Diese Musiker sind nicht nur Meister er kammermusikalischen Kommunikation. ie loten nicht nur tiefschürfend ie Komplexität dieser Literatur aus, ondern sie sind auch Virtuosen der rogrammdramaturgie. Denn geschickter ann man den Bogen eines solchen rahms-Schostakowitsch-Programms aum spannen. Brahms’ Erstlinge der eweiligen Gattung rahmen das Programm, tehen einander in ihrer unglaublichen egensätzlichkeit gegenüber: or Expressivität und Ausdruckswollen ̈berschäumend das Streichquartett, n seiner Ausgeglichenheit chon fast zu vollkommen das Streichsextett. n der schmerzlichen Klarheit on Schostakowitschs zwölftem Streichquartett indet beides einen wirkungsvollen eibungspunkt.

Gleichermaßen sensibel und expressiv ird all das in den Interpretationen on Alexander Pavlovsky, Sergei Bresler, ri Kam, Kyril Zlotnikov, Masurenko nd Hoffmann deutlich. Makellos ist as, was diese Musiker aus den Partituren achen – vor allem im Miteinander, as auch in der Musikstadt mit ihrer ammermusiktradition seinesgleichen ucht.

Am Schluss eines solchen Abends eiß man wieder einmal, dass intellektuell nspruchsvolle Unterhaltung auch ür den derart Unterhaltenen, wenn uch befriedigende, durchaus auch Arbeit st.

Tatjana Böhme-Mehner


Hamburger Abendblatt

Intensiver Auftakt des Schostakowitsch-Zyklus

Schon am ersten Abend seines fünfteiligen Projekts fesselte das Jerusalem Quartet sein Publikum im kleinen Saal der Laeiszhalle

VON MARCUS STÄBLER

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Welt am Sonntag

Klingende Rätsel

Wer die Musik von Schostakowitsch mag, hat jetzt die Gelegenheit, dessen 15 Streichquartette zu hören, gespielt vom Jerusalem Quartet

VON ILYA STEPHAN

Wie unzulänglich und irreführend Worte über Musik sein können beweisen immer wieder die Werke von Dmitrij Schostakowitsch. Dessen Musik ist so reich an bedeutungsvollen Zitaten, musikalischen Anspielungen und Doppelbödigkeiten, dass sie im Laufe der Jahrzehnte die gegensätzlichsten Deutungen provozierte. Je nach ideologischem Standort sahen Musikologen in Schostakowitsch den hoch geehrten Staatskomponisten der Sowjetunion oder einen heimlichen Dissidenten, der tönende Kassiber aus dem sozialistischen Kerker schmuggelte. Doch egal, was man in seiner Musik entdeckt zu haben meinte, die Auslegung seiner klingenden Rätsel blieb bestimmt von den Wahrnehmungsmustern des Kalten Krieges. Selbst lange nach seinem Fall in der realen Welt scheint der Eiserne Vorhang noch immer quer durch unser musikalisches Langzeitgedächtnis zu laufen.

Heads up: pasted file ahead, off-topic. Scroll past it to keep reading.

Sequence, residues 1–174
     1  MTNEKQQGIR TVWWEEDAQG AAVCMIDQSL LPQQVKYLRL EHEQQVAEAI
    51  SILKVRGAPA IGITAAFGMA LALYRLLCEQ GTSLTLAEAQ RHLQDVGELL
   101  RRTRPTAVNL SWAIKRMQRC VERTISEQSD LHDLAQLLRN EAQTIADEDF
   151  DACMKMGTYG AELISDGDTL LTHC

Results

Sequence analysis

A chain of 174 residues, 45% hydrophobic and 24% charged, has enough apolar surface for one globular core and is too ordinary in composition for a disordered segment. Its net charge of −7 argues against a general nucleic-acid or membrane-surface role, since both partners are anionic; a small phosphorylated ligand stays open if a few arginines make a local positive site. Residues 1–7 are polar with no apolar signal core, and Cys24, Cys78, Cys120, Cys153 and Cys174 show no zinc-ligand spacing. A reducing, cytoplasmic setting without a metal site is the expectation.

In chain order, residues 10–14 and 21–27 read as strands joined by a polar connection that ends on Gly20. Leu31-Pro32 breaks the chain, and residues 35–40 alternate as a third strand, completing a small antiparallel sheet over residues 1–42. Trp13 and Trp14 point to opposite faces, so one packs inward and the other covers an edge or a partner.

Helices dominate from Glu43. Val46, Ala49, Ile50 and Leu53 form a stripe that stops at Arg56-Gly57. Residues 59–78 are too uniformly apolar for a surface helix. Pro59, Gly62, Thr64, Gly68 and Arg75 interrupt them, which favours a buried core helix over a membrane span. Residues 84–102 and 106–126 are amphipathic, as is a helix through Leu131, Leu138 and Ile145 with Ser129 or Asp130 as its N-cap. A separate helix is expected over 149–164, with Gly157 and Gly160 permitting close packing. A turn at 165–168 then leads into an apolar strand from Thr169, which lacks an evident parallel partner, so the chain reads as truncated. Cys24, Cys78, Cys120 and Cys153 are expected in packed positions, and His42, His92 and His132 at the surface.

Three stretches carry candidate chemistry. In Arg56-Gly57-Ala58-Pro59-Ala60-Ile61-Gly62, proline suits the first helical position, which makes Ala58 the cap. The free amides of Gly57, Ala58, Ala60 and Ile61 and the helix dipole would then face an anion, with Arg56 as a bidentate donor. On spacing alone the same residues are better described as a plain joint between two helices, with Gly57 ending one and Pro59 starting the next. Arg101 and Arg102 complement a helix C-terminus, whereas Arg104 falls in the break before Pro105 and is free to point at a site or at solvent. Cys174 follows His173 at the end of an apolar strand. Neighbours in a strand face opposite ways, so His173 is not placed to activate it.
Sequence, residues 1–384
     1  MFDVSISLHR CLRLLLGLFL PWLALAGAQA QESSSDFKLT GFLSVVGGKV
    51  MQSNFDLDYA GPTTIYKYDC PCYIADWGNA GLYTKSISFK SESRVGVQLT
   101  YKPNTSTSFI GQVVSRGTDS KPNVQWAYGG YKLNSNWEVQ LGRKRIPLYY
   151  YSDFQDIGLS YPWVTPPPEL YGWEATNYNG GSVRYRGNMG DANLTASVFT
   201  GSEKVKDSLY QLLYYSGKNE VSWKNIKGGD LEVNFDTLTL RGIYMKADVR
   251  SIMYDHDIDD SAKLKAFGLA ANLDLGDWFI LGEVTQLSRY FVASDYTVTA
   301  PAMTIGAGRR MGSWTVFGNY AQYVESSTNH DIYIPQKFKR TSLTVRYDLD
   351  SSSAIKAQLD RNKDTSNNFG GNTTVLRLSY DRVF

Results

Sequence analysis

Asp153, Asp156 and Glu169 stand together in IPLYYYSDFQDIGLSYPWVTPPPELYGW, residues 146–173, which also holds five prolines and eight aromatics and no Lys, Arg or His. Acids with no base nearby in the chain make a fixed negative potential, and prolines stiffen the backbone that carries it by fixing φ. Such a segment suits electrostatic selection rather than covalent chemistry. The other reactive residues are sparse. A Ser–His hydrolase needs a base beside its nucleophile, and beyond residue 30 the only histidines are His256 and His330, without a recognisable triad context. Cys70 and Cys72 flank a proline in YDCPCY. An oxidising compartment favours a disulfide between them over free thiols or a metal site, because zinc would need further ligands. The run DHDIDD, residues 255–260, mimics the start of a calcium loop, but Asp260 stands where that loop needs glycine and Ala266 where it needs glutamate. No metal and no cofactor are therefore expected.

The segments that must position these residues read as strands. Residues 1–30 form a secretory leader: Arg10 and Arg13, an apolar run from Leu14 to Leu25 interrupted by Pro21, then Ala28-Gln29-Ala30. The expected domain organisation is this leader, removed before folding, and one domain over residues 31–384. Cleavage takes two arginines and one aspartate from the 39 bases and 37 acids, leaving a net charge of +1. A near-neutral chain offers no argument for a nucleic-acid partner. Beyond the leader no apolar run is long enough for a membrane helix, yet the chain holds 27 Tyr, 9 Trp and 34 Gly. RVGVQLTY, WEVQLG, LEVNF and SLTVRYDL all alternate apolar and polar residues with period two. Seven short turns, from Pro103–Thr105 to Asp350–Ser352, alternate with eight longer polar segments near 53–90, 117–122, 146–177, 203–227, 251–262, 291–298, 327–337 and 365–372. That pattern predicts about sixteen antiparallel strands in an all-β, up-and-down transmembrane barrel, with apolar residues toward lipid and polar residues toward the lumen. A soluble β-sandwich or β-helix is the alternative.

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Ensemble Magazine 4-2013 August - September

20 JAHRE JERUSALEM QUARTET

Carsten Dürer

Als ich zum ersten Mal eine CD-Einspielung des Jerusalem Quartet hörte, glaubte ich baum, dass die Mitglieder noch so jung sind. Es war eine Einspielung mit den Streichquartetten Nr. 1, 4 und 9 von Dmitri Schostakowitsch. Einige Zeit später traf ich mich dann mit dem damaligen Bratscher des Quartetts, Amihai Cirosz, und dem 2. Cieiger, Sergei Bresler, zu einem Interview in Tel Aviv. Das war Mitte 2005. Und damals spielten die vier Streicher schon 12 Jahre zusammen im Quartett. Seither sind nicht nur sieben weitere Einspielungen bei Harmonia Mundi erschienen, sondern das Quartett ist weitaus bebannter und erwachsener geworden. Zudem gab es vor einigen Jahren einen Wechsel an der Bratsche zu Ori Kam. Und die Quartette von Schostabowitsch beschäftigten das Quartett heute vielleicht mehr denn je. Mittlerweile ist das Quartett 20 Jahre alt. eirund genug, um mich wieder mit den Mitgliedern zu treffen, d ieses Mal burz vor einem Konzert im niederländischen Maastricht. Und dieses Mal sind alle vier Mitglieder des Quartetts am Tisch. Alexander Pavlovsky (1. Violine), Sergei Bresler (2. Violine), Ori Kam (Viola) und Kyril Zlotnikov (Cello).

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Strad Magazine

Brahms: String Quartet in A minor op.51 no.2, Clarinet Quintet in B minor op.115

Beautifully polished performances of two Brahms masterpieces

Thankfully we have passed beyond the era when clarinettists thought of the Brahms Quintet as a quasi-concerto, though few have gone quite so far in the opposite direction as Sharon Kam, whose playing for much of the time melts into the string textures. The result is by far the most intrinsically beautiful performance of the work that I have ever encountered. Everything ebbs and flows with a natural pulse, the first movement’s development could hardly be gentler and if the Adagio may possibly be a tad too slow, it leads neatly into the players’ unhurried Andantino and a reflective view of the finale.

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NEW YORK TIMES

MOMENTS OF LYRICISM IN A PURELY RUSSIAN STORY

By CORINNA da FONSECA-WOLLHEIM

In Shostakovich’s career, pockmarked with forced commissions, attempts to placate Soviet officials and humiliating bouts of censorship, his string quartets occupy a special place. Many critics have likened them to a confessional into which the composer confided the fears and hopes he had to suppress in public. But most of all, the 15 quartets represent the music Shostakovich wanted to write at a given moment.

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NEW YORK TIMES

IT'S YOUR OWN FUNERAL SHOSTAKOVICH

By VIVIEN SCHWEITZER

Like a man writing his own obituary Dmitri Shostakovich composed his String Quartet No. 8 as a requiem for himself, weaving it together with an autobiographical motif consisting of the letters D-S-C-H.

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Mastery from the Jerusalem Quartet

Wigmore Hall, London, 16.2.2013 

Jerusalem Quartet (Alexander Pavlovsky, Sergei Bressler (violins), Ori Kam (viola), Kyril Zlotnikov (cello)).


WolfItalian Serenade